That’s the opposite of a typical installment loan. But its purpose is very different. Credit builder loans help establish good payment history for people with no credit history, thin credit history, or a history of poor credit.Credit Strong’s accounts are great examples of a credit builder loan. You establish payment history with all three major credit bureaus, then get the loan funds at the end. 

Whichever accounts that build credit you choose to open, make sure you can afford them. The last thing you want is to overextend yourself and miss a monthly payment.

2. Pay Down High Credit Card Balances

Opening more credit accounts is a great way to improve your credit score over a couple of months because it doesn’t require a large chunk of money upfront. Paying down your credit card balances, on the other hand, can have a longer-term project. 

If your credit cards are maxed out, then paying them down will improve your financial situation and your credit score rapidly. Credit utilization is an important credit scoring factor, so using more than 30% of your available credit hurts your credit score. 

There are two common approaches people use to pay off their debts over the long term:

  • The debt snowball method: Pay off your accounts in order of lowest to highest outstanding balance.
  • The debt avalanche method: Pay off your accounts in order of highest to lowest interest rate.

The debt snowball is widely considered a more satisfying approach. It helps some people feel like they’re making progress by paying off accounts in full. 

However, the debt avalanche method will save you more money. If you have an account that’s accruing interest at a much higher rate than the rest, it would make sense to tackle that one first, regardless of the account balance.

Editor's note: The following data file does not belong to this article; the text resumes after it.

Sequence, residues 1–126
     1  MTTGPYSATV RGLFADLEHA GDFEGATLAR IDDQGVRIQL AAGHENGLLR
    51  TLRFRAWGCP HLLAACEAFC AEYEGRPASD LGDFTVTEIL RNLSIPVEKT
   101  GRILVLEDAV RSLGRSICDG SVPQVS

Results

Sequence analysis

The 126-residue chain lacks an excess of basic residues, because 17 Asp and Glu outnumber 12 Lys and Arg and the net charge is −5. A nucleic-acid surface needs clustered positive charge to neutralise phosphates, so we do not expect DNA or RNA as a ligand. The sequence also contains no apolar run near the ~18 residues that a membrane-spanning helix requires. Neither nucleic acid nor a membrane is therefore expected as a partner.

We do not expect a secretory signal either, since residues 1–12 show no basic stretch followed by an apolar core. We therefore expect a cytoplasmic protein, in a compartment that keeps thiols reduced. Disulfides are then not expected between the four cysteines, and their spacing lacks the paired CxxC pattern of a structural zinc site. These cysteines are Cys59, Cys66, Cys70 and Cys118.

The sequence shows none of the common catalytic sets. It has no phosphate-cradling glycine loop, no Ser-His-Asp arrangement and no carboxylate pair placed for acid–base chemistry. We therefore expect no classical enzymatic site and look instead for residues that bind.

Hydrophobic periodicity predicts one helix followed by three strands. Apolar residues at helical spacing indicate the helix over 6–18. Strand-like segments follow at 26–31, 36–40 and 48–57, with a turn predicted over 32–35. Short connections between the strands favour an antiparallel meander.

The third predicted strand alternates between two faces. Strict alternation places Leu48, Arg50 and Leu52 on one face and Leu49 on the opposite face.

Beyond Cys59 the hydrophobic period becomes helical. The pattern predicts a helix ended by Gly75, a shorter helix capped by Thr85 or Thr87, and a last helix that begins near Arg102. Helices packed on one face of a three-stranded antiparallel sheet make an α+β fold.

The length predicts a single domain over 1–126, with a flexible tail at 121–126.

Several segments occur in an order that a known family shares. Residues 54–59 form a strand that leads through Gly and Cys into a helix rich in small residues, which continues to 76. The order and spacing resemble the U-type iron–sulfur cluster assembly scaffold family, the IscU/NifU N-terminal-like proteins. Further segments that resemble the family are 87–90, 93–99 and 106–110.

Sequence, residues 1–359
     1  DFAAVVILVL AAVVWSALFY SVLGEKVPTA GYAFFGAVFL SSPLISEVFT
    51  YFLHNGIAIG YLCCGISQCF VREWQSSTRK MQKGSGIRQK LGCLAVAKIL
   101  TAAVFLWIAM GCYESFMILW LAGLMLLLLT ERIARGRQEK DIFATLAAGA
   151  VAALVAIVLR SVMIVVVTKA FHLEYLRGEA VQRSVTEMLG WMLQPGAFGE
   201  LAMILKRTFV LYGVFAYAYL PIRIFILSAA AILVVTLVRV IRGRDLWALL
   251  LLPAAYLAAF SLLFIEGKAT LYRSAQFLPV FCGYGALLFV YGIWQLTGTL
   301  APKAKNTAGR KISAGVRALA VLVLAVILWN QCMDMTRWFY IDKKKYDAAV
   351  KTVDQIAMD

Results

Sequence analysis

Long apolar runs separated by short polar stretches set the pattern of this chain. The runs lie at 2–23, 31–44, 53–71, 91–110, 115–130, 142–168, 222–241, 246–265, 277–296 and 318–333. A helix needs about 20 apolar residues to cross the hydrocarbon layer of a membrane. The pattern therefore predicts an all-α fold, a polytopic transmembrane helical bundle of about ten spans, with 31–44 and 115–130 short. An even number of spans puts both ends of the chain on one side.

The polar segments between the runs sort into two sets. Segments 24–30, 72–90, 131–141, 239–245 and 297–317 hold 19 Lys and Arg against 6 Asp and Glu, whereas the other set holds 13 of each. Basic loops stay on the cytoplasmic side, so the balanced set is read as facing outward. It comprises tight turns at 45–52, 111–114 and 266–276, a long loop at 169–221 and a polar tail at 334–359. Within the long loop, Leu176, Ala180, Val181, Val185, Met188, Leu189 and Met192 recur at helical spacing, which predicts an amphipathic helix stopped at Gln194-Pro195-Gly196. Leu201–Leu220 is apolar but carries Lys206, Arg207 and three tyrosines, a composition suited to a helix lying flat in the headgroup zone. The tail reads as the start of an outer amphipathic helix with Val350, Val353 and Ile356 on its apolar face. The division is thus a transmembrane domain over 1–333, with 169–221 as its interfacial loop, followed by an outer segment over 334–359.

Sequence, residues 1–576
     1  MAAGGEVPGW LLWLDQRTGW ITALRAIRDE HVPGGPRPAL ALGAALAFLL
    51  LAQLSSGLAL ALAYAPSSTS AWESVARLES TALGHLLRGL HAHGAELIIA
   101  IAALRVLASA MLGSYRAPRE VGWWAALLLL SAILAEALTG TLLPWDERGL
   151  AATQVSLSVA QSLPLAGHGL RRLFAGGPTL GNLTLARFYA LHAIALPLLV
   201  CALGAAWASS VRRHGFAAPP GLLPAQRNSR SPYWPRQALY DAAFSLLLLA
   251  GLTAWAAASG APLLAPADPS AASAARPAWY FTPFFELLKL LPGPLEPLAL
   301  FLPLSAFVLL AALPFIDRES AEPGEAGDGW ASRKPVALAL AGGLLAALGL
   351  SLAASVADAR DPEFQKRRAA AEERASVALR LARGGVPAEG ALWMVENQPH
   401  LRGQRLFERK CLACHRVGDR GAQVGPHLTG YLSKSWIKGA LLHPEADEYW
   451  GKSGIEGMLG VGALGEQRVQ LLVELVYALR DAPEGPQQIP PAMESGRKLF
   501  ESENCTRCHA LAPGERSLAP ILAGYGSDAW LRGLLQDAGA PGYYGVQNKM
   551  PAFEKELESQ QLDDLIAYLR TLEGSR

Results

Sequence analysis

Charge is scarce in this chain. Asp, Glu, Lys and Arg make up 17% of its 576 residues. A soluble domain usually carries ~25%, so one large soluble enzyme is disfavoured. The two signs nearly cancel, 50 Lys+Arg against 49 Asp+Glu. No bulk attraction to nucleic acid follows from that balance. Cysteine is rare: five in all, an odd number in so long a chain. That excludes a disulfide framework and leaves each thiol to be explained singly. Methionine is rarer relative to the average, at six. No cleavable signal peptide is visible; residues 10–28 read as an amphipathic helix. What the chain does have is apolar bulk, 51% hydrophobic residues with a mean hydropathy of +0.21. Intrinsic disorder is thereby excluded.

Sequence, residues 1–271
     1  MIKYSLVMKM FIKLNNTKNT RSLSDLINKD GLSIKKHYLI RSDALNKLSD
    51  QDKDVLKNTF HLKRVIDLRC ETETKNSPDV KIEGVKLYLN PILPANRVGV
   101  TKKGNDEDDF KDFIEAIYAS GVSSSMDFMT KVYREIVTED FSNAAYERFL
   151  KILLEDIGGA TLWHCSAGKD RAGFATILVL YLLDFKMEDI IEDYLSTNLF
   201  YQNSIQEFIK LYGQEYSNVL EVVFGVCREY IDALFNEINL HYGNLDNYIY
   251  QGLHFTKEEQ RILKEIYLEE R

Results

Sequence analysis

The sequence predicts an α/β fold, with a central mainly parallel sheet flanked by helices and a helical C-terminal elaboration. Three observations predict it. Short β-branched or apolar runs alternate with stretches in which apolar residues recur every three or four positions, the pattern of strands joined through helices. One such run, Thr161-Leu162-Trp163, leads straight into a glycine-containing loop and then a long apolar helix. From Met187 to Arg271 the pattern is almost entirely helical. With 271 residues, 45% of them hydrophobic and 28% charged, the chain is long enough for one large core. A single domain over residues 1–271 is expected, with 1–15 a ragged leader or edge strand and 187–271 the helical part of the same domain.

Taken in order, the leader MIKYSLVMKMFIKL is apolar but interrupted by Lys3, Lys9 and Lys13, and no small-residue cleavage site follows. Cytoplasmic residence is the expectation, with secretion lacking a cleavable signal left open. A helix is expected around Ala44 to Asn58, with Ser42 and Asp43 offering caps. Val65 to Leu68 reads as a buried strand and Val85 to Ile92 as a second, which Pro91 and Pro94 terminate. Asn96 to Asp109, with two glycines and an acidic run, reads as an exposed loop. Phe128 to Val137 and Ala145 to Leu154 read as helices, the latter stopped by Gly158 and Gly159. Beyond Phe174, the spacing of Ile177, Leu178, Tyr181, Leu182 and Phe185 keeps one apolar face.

Here’s a quick example. Imagine that you have three credit cards with balances of $500, $2,000, and $5,000. Their interest rates are 18%, 20%, and 25%, respectively.

If you took the debt snowball approach, you’d target the credit card with the $500 balance first and pay it off quickly.

If you took the debt avalanche approach, you’d target the credit card with the $5,000 balance first. It’s interest rate is 5% – 7% higher than the others, but it would take you ten times as long to get the satisfaction of paying it off.

Truthfully, the difference in savings between the two is likely to be negligible. It’s usually much more important to stick with the process and pay off your debts than to do so in a specific order.

Read Also: Ultimate Guide to Remove Hard Inquiries From Credit Report

Paying off accounts isn’t the only way to feel like you’re making progress. You can also measure your progress with a metric called your credit utilization ratio. To calculate it, divide all of your outstanding credit balances by your total credit limit.

Lenders do so as part of their lending process a.k.a. underwriting, so it’s a helpful metric to know. In general, a lower utilization ratio is best. 

Under 30% is good. 

Below 10% is even better!

Focusing on reducing your total credit utilization ratio can help give you a sense of progress even if you’re not paying off entire accounts very quickly. That way, you can have the best of both approaches.

3. Always Make On-Time Payments

Payment history is the most significant factor in your FICO score. Even if you do well in all of the other factors, a poor payment history will leave your credit score in shambles.

Your payment history makes up 35% of your FICO Score 8, the most frequently used credit score. That’s equal to the weight given to the length of  credit history, new credit activities, and credit mix combined!

So do whatever you can to make sure your payments are always on time. Here are some tips:

  • Build an emergency fund with at least a few months expenses.
  • Avoid spending more on your credit cards than you have in cash.
  • Don’t take out any loan with monthly payments that you’ll struggle to repay. Stay within your budget!
  • Set up automatic payments for your credit cards and installment loans.

If you follow the strategies above, you’ll improve your credit profile and credit score..